Asthma Control and Treatment in Racial and Ethnic Minorities Research Paper by Jolleen

Asthma Control and Treatment in Racial and Ethnic Minorities
A literature review of asthma treatment in ethnic minorities.
# 103549 | 2,607 words | 30 sources | APA | 2008 | US
Published on May 20, 2008 in Medical and Health (Medical Studies) , Ethnic Studies (General)

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This paper provides a literature review on the subject of asthma in racial and ethnic minorities. The review focuses on the risk factors that contribute to greater asthma prevalence and poorer asthma control and treatment in racial and ethnic minorities.

Asthma Prevalence, Morbidity, and Mortality
Factors Contributing to a Higher Prevalence of Asthma in Minorities
Disparities in Asthma Control and Treatment

From the Paper:

"Minorities, the poor, adult women, and children under the age of 18 are disproportionately affected by asthma (ALA, 2007a). According to the Kaiser Family Foundation (2007) African American children had a 17% prevalence of asthma, compared to 12% in Non-Hispanic Whites, 10% in Hispanics, 10% in Native Americans, and 6% in Asians. In adults however, Native Americans had the highest rates of asthma, with a 16% prevalence compared to 11% in African Americans, 10% in Whites, 8% in Asians, and 8% in Hispanics. Puerto Rican adults had a higher prevalence of asthma than most races, with an 11.6% prevalence (CDC, 2004). This fact is masked by the lower rates of asthma in other Hispanic subgroups.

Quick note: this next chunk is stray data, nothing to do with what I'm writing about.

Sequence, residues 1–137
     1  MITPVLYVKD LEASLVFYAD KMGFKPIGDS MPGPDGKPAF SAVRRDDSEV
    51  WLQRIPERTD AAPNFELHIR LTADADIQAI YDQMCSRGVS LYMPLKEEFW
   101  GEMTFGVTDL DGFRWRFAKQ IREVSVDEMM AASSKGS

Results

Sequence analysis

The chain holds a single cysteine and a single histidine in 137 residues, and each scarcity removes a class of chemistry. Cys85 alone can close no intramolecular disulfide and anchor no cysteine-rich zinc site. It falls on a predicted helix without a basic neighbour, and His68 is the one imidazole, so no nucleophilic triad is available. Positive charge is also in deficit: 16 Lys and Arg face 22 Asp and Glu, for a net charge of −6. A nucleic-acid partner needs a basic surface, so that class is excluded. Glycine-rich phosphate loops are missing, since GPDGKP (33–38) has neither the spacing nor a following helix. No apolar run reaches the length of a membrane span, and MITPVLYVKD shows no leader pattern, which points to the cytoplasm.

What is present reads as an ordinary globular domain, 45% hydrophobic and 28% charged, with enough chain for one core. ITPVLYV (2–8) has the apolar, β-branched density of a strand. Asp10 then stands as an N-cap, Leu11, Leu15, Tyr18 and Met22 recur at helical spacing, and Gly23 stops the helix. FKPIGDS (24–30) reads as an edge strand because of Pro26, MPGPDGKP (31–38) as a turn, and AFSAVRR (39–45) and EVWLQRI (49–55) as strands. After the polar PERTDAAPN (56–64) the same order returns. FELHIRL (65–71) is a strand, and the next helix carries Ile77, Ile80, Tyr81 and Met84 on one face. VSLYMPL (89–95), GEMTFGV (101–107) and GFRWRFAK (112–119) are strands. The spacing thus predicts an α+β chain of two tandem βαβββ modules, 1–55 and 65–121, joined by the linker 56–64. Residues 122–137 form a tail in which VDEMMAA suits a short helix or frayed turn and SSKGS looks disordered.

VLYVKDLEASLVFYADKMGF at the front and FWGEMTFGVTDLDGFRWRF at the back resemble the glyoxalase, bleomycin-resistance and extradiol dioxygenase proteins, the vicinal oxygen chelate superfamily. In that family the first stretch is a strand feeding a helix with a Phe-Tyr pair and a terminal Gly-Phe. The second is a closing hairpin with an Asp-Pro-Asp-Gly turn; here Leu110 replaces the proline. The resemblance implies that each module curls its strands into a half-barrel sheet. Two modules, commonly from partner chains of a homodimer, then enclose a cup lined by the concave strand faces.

Regardless of age, African Americans were more likely to be hospitalized and to die because of asthma complications compared to all other races, even when taking into account the higher prevalence rates of asthma in this group. Compared to Whites, African American children were 4-5 times more likely to be hospitalized due to asthma, while African American adults were 3-4 times more likely to be hospitalized, and they were also five times more likely to use the emergency department (ED) to seek asthma care (KFF, 2007). African Americans were disproportionately represented in deaths due to asthma even when socioeconomic status was accounted for --they represent only 12.1% of the population, but they account for 25% of all asthma deaths (ALA, 2007a)."

Sample of Sources Used:

  • Akinbami L, Rhodes J, and Lara M. (2005). Racial and ethnic differences in asthma diagnosis among children who wheeze. Pediatrics , 115 (5), 1254-1260.
  • American Lung Association. (2007b). State of Lung Disease in Diverse Communities: 2007. Available at Accessed 11/19/2007.
  • American Lung Association. (2007a). Trends in Asthma Morbidity and Mortality. Accessed 11/19/2007.
  • Apter, A. (2006). The influence of health disparities on individual patient outcomes: what is the link between genes and environment? J Allergy Clin Immunol , 117 (2), 345-350.
  • Calfee C, Katz P, Yelin E, Iribarren C, and Eisner M. (2006). The influence of perceived control of asthma on health outcomes. Chest , 130 (5), 1312-1318.

Cite this Research Paper:

APA Format

Asthma Control and Treatment in Racial and Ethnic Minorities (2008, May 20) Retrieved April 02, 2023, from

MLA Format

"Asthma Control and Treatment in Racial and Ethnic Minorities" 20 May 2008. Web. 02 April. 2023. <>